How Expanded Learning Programs and Schools Work Together to Support Students During the COVID-19 Pandemic
According to the American Institutes for Research (AIR), “COVID-19 created a host of new challenges for educators and exacerbated many pre-existing ones. Conversely, the pandemic also provided educators and policymakers with opportunities to innovate, become more adaptive, and learn best practices that will continue to be relevant long after the crisis has passed.”
In April 2021, AIR published an interview with Femi Vance, Ph.D., an AIR researcher, on how expanded learning programs and schools can work together to support students during the COVID-19 pandemic. Below are excerpts from the interview. The full interview is available here.
Q: How has COVID-19 affected expanded learning programs? And how have the programs helped students?
A: Expanded learning refers to the programs that operate outside of the normal class hours—before and after school, in the summer, and over holiday breaks. Such programs offer students a whole host of supports and learning opportunities: a safe and supportive learning environment, academic enrichment, caring adults, opportunities to build peer relationships, social and emotional support, and fun. These programs have quickly and creatively figured out how to keep serving families during the pandemic. According to the Afterschool Alliance, when the pandemic hit last year, 25% of programs nationwide closed; as of March 2021, only 3% are closed.
In December 2020, California’s Afterschool Network (CAN) released a report on the state of afterschool programs. Remarkably, it showed that California’s expanded learning programs continue to serve students who have been hardest hit by the COVID-19 pandemic, including Black and Latinx students, English language learners, and students who are living in poverty. That’s really important, because the evidence tells us that high-quality expanded learning programs lead to measurable positive outcomes for students, including improved school attendance and stronger social and emotional skills.
During the pandemic, many expanded learning programs pivoted in all sorts of ways. For instance, they delivered meals to families who are struggling, and they helped families without internet obtain educational resources. In a few instances, expanded learning programs have been able to help social services connect with hard-to-reach families, because they can draw upon existing relationships. Some programs have kept their doors open, providing child care to the children of essential workers. In general, they’ve continued to offer emotional support and connection, which is essential in these socially distant times.
Q: Why is it important for schools and districts to coordinate on expanded learning programs, and what are some takeaways from AIR’s work on how to strengthen those partnerships?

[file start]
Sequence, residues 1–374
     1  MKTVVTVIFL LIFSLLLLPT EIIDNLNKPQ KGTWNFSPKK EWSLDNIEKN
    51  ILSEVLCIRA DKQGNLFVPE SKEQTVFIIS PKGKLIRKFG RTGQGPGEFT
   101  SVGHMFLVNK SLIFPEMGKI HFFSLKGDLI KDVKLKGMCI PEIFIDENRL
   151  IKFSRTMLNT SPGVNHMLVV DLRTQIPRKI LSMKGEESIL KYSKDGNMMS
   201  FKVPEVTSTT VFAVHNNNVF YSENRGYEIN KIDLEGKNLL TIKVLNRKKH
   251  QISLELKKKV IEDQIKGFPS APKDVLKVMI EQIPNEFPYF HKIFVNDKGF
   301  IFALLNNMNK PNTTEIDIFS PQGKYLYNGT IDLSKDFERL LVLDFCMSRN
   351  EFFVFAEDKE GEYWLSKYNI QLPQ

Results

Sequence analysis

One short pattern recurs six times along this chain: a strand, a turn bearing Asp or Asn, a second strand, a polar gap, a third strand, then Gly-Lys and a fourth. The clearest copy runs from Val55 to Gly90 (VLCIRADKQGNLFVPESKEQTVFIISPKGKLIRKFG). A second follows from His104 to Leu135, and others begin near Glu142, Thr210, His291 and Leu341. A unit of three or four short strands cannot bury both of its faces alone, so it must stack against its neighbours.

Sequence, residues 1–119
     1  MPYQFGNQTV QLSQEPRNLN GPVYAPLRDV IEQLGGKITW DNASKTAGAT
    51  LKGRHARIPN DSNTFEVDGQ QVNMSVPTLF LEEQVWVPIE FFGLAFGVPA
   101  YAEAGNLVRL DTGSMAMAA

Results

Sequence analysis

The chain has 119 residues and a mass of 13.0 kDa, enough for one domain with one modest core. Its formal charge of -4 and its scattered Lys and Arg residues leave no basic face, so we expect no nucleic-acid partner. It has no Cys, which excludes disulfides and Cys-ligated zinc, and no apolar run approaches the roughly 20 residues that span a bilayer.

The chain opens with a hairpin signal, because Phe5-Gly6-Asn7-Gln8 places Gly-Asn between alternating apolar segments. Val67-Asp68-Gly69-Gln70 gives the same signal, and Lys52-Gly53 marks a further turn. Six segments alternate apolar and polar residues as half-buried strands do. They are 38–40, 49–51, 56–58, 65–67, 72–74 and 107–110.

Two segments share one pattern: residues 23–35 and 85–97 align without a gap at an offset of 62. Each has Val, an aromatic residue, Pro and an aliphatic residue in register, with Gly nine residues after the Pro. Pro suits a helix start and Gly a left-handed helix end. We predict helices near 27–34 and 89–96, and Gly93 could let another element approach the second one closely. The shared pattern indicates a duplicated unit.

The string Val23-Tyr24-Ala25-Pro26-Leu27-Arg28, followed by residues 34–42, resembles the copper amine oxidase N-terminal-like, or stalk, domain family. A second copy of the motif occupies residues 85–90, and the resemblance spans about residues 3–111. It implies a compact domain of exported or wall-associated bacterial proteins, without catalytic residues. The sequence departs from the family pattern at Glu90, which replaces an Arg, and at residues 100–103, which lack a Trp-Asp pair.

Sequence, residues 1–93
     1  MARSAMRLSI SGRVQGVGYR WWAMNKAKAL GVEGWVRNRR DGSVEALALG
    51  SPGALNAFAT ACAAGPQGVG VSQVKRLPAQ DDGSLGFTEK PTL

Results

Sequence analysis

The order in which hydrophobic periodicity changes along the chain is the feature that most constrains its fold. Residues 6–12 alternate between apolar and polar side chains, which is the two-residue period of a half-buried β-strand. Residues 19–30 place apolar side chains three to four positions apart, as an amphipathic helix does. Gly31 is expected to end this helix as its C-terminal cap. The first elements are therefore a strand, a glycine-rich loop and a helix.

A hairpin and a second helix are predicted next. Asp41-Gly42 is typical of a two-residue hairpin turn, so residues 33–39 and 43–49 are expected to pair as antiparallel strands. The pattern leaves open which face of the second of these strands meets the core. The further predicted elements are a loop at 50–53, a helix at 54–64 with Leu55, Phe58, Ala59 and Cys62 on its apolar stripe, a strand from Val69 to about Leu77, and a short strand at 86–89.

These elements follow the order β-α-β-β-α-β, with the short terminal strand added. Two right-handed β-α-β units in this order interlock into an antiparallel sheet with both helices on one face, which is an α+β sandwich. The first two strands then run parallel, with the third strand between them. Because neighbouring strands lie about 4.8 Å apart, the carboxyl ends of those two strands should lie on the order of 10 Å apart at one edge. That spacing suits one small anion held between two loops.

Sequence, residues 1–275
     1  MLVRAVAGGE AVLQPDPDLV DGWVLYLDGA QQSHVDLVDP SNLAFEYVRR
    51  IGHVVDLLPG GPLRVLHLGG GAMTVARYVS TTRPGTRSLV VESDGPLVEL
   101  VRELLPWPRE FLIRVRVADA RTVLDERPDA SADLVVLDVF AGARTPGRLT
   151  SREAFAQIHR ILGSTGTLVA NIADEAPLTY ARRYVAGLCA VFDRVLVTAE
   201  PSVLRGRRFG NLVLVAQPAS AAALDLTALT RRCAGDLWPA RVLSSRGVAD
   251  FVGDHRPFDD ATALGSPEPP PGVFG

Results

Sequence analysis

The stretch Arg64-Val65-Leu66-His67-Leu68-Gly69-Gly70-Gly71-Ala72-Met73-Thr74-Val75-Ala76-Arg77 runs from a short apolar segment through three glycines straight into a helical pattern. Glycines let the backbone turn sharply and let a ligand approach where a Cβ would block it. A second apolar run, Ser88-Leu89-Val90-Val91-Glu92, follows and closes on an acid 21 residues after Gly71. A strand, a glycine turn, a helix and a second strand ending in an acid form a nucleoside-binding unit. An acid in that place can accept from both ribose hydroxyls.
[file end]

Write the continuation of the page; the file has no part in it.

A: I think a lot of educators don’t want to go back to the system we had before. There were major disparities in how students were being served, and the pandemic provides an opportunity to reimagine the system to eliminate those gaps. Many programs are really just starting to think about equity, but this requires intentionality: Equity has to be defined, and existing barriers have to be named and identified before they can be dismantled.
Partnerships between schools and expanded learning programs have always been important; the pandemic has reinforced that point. We can leverage those partnerships to create a seamless learning experience from school to afterschool and also provide equitable learning opportunities. Implementing that kind of programming—one that meets the needs of each student—requires collaborative planning. That way, both partners can establish shared goals and make adjustments to achieve them. Our discussion tool offers guiding questions that can be used in collaborative meetings about whole child learning opportunities. Schools and expanded learning partners can use these questions to initiate conversations about a range of topics, including equity.
Q: Many children are returning or have returned to in-person schooling after learning elsewhere for some time. What supports will they need, and how can partnerships between schools and expanded learning programs help?
A: We know from our analysis of re-opening plans that states are elevating the critical need to provide whole child supports to students, including social and emotional supports and mental health services. As I see it, supports for social and emotional learning and development are built into the fabric of expanded learning programs. As expanded learning programs and schools better integrate learning, as I described earlier, it would be great if that led to more active conversations about strengthening social and emotional learning and development across the school day and expanded learning programs.
For mental health, expanded learning programs typically don’t have a mental health professional on site. But these programs can be a wonderful resource to make referrals to local free and low-cost mental health service providers. They also can serve as an early warning system for families whose children are experiencing mental health issues. This is important because the earlier that problems are identified and treated, the better the outcomes are likely to be.
Q: What are some lessons learned for both California and other states as they address the current educational challenges the pandemic poses, but also anticipate new challenges after the pandemic ends?